Reblogged from Maggie Cammiss
I’ve just discovered how to embed a Kindle preview in my social media posts. It’s a very useful addition to the self-publisher’s promotional arsenal, as, like the ‘Look Inside’facility already offered by Amazon, it gives our readers a chance to sample our work before buying. This has got me thinking about those all-important first chapters and how they’ll stand up to this scrutiny, divorced, as they are, from the rest of the narrative. Is your work polished enough to withstand such a close up, critical examination?
The same rules are in operation as in the usual submission process, but how many of us who are going it alone actually apply them before hitting the ‘publish’ button?
I’ve read some pretty awful previews – bad punctuation, poor grammar, non-existent editing. You might think these things aren’t important any more, but if you’re hoping to attract a wide readership, with positive reviews, you should aim to tick as many of the boxes as possible. The professional services of editors and proofreaders might be beyond the budget of most self-publishers, but there’s still a lot we can do to help ourselves. We want to produce the best manuscript we can, which means paying attention to all the things mentioned above. Your story has the potential to be a best seller, a real page-turner, so you don’t want to turn prospective readers off before they’ve even started.
And that’s another thing – if you’re guilty of admitting, ‘the story doesn’t really get going until chapter six’, you need to take a long, hard look at the structure of your novel and consider starting it in a different place, such as a point of conflict, or where the action begins. A preview two or three chapters full of meandering, irrelevant material will not reveal your master plan or show off your story-telling skills to their best advantage. Tempt your readers in by laying a trail of tasty breadcrumbs that they can’t resist.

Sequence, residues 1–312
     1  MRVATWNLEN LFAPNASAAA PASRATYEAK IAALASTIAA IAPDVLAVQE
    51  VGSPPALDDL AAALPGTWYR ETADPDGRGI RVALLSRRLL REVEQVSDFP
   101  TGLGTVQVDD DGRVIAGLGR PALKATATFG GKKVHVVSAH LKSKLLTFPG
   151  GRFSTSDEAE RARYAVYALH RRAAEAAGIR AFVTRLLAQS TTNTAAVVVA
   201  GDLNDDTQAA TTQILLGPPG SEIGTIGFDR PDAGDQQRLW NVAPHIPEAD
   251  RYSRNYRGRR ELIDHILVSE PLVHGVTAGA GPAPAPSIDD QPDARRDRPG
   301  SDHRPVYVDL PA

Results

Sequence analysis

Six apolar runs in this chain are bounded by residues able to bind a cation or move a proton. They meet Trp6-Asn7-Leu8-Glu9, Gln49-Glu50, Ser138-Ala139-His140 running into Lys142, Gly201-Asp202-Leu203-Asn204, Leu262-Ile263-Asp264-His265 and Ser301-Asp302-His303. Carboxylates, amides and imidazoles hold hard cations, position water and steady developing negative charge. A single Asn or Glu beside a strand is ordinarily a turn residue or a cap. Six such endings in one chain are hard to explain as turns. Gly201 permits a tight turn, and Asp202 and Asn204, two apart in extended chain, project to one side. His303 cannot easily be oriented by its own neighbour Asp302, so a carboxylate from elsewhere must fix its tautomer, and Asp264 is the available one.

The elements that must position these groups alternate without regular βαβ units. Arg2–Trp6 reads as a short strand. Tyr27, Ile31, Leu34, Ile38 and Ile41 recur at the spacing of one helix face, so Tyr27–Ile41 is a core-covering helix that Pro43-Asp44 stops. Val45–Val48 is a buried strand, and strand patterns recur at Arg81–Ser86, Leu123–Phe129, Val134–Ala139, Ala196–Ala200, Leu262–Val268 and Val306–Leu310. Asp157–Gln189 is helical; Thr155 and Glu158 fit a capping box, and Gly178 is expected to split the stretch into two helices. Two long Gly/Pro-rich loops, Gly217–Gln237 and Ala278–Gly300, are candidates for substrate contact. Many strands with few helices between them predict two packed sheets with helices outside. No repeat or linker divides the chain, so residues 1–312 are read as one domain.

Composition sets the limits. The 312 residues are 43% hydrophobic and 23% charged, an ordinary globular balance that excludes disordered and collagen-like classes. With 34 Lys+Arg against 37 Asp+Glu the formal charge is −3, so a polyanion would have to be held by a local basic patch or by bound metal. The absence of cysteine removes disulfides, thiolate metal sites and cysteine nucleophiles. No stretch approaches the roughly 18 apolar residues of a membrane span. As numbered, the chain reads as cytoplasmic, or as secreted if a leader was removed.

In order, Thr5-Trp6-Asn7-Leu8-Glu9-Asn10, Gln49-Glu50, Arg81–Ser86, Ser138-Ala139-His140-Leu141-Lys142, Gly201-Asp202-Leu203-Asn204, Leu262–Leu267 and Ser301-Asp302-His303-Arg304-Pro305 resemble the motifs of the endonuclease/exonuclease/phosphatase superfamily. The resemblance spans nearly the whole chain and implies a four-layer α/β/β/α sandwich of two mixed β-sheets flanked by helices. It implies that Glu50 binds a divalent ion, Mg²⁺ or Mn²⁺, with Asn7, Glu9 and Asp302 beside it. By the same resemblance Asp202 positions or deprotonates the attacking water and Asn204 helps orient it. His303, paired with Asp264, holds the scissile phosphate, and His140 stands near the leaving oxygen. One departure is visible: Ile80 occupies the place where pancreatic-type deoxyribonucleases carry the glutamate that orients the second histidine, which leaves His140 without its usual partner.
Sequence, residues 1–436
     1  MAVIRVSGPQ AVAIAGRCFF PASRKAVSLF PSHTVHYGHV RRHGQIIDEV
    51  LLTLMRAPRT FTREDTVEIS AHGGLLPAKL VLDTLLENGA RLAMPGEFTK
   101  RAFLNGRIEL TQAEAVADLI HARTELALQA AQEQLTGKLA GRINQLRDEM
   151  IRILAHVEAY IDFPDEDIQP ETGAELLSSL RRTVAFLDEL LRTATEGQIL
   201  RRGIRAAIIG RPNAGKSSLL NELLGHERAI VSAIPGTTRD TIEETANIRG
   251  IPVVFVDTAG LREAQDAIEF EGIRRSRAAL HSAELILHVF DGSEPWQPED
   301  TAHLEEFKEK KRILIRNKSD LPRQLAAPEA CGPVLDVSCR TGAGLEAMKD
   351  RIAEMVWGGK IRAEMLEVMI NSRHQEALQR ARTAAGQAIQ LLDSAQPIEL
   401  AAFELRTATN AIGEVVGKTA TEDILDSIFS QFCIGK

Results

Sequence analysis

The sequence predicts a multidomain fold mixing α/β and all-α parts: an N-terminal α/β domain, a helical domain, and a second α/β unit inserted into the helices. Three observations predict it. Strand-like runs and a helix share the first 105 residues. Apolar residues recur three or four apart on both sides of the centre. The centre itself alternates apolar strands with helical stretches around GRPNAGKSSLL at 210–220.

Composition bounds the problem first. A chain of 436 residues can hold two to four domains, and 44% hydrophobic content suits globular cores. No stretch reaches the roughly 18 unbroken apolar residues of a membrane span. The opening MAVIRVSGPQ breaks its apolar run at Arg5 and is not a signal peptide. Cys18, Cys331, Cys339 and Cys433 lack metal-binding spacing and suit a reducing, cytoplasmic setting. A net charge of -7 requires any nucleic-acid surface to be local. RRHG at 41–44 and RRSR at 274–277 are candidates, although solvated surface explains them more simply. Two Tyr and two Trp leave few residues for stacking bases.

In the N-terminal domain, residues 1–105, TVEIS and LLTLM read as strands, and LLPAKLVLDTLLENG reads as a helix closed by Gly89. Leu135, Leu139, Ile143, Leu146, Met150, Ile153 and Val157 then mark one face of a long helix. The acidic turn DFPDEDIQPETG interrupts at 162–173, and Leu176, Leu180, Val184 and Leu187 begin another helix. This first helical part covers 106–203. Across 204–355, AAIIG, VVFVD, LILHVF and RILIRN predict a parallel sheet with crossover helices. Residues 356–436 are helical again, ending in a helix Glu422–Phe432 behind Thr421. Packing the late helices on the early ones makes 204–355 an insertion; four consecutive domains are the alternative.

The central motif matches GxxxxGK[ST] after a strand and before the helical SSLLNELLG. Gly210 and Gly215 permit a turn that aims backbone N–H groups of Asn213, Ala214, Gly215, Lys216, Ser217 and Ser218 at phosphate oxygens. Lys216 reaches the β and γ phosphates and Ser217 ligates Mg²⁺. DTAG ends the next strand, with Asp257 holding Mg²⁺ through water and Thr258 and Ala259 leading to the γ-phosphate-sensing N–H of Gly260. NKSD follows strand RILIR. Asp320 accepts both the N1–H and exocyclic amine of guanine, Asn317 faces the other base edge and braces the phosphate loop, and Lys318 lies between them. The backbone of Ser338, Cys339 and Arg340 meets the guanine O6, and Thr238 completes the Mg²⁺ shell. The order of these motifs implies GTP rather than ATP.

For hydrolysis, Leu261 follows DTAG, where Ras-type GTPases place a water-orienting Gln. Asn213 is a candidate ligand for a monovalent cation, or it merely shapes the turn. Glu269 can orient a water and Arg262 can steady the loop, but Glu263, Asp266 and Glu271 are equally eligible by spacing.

I’m presuming that now you’ve reached the point of publication you’ve already got all your tenses agreeing, points of view sorted, spelling checked, punctuation and grammar perfected. But have one final read of your opening chapters with these questions in mind:
- Do they entice the reader with a promise of a cracking good read?
- Is there too much description? Be honest!
- Does the reader know immediately whose story you are telling?
- Are the characters too numerous for the reader to distinguish?
- Are the introductions rushed, or too brief?
- Are there too many adverbs/adjectives?
- Is the story already too complicated? Or not interesting enough?
- Does it start in the right place?
- Is there too much irrelevant backstory?
It’s notoriously difficult to read your own work objectively, to look at it with new eyes and spot the problems that a dispassionate reader would notice immediately. But I promise you it will be a worthwhile exercise and result in a more engaging opening if you give those initial chapters a little more attention.